from a horse's standpoint is having them see you as their leader. You have to
earn respect through trust, support, and time. You want to elevate yourself
to the lead mare role. You also have to carry yourself with an air of authority.
The leader in the herd is the horse who all others look to for direction. If
you watch a herd, the weak and the meek will avoid conflict and show this with
their body language and posture. The lead mare has the respect of the other
horses in the herd. They won't get into her space, they move (yield) when she
asks, and she only uses force when all else fails.
It's easy to confuse
respect with dominance. We have all seen the couple in the grocery store
having a "discussion" about something where one of them starts to
scream or escalate the situation to a point where being reasonable isn't even
a possibility any more -- it works the same way with the horse.
If you attempt to dominate your horse, they see you in a different role than
that of the leader. They may comply with your demands but it will be out
of fear. Fear of getting hit, fear of the whip hitting them in the face,
fear of getting kicked. Is that any way to build a relationship?
You are not after
dominance of your horse. You don't need to make the horse submit to you
as the "superior being" in order to get compliance. Your horse
does know the difference between dominance and respect. Stallions fight
for dominance in the herd in order to reproduce.
Respect and dominance
are concepts that the horse knows far too well. The horse associates
dominance with fear. You don't get respect by beating the horse, ear twitching,
or using a harsher bit - those things will get you fear and avoidance.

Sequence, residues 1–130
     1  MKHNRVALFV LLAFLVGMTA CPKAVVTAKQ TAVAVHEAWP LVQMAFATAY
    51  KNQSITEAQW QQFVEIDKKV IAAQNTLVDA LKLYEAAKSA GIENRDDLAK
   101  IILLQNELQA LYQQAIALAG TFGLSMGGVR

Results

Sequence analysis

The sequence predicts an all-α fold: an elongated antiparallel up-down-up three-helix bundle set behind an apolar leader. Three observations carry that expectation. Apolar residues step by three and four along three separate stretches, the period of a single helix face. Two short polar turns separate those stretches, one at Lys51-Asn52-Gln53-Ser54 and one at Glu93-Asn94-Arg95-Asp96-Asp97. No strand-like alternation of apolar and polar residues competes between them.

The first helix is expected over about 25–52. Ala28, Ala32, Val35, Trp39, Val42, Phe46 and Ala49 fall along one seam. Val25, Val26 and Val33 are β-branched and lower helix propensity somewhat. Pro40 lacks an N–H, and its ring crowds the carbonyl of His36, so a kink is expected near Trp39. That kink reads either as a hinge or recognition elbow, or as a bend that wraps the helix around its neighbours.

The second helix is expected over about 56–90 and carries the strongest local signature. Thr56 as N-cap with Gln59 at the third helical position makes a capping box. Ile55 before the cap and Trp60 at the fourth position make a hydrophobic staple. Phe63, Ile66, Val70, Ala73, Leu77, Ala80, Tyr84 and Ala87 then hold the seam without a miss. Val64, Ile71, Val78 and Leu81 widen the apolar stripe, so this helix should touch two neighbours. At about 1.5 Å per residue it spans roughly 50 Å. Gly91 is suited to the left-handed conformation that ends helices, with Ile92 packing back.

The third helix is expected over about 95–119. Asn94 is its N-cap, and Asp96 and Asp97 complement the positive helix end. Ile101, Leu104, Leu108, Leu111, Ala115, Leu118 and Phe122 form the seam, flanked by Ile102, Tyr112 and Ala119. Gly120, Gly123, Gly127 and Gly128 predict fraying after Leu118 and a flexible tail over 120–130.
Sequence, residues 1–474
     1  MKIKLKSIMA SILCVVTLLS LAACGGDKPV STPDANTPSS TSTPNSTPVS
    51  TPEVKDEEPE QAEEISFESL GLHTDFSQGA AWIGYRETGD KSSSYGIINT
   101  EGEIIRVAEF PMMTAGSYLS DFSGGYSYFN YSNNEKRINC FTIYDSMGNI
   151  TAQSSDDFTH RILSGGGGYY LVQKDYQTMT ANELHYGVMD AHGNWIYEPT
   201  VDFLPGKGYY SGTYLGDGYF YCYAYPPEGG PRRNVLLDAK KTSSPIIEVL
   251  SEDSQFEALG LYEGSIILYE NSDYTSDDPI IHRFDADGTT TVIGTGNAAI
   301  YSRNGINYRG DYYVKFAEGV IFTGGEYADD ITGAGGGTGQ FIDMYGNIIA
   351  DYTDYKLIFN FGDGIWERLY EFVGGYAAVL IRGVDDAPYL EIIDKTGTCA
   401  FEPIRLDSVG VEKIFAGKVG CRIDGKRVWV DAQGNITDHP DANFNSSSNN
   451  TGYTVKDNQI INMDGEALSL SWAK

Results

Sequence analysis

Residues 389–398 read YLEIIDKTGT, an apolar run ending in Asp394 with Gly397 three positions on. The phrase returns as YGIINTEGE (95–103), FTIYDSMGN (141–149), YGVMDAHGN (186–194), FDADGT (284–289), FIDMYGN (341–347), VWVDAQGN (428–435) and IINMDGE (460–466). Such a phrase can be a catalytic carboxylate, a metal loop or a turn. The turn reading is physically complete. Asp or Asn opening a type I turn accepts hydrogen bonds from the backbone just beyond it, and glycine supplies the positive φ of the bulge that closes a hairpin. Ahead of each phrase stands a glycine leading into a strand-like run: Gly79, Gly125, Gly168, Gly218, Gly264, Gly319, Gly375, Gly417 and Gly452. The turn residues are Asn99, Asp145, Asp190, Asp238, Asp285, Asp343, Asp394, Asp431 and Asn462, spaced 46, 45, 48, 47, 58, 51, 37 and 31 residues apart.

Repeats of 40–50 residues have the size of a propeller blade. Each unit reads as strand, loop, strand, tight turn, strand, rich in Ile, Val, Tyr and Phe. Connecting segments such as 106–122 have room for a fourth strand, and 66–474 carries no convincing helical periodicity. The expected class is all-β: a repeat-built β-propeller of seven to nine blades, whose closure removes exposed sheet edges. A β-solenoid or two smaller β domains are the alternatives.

The golden rule
really applies to horses. The horse has a good sense of right and wrong, they
don't keep score but they do do build long term relationships where respect
and trust are the foundations. I want my horses to look at me as if I
were someone they could trust with their life. That's a pretty simple
Never hit your
horse, they don't understand the concept of punishment as it relates to humans.
It's not about punishment if you don't get the desired result. Horses aren't
smart enough to understand a correlation between not having done something correctly
and being hit. If you hit your horse or kick them in the stomach, all you will
have succeeded in doing is making them afraid of you.
On the flip side of this is the concept of correction. A horse that is running
through the bit or stepping in to you needs to be corrected. Use your tools
for corrections. If a horse tries to run over you, use the lead rope to move
the horse off you. The proper rope handling technique is to twirl the rope overhand
at the horse if it moves into you. The horse may "run into" the rope
if it keeps moving into your space. You are teaching the horse to respect your
space with this exercise. In some instances, you have to use a correction
appropriate to the situation. If a horse tries to flick it's head at me
and hit me with it's jawbone, I will make sure that the horse runs into the
palm of my hand. This is a correction that a horse understands.
Horses in the wild think nothing of using their jawbones, shoulders, feet, and
bodies as weapons. They undestand what it means for another horse to
use its head and jawbone as a weapon. You need to understand what they
consider friendly and aggresive behavior so that you are in position
to reward or correct appropriate behavior
Horses are herd animals, they understand things differently. The worst thing
that can happen to a herd animal is to be sent out of the protection of the
herd on their own. In the wild, a horse that acts out will be sent out 100 yards
or so from the herd until they have learned their lesson. This is severe punishment
to a horse. On their own, they are vulnerable to predators. In the herd there
is safety in numbers. You want the horse to look to you for that safety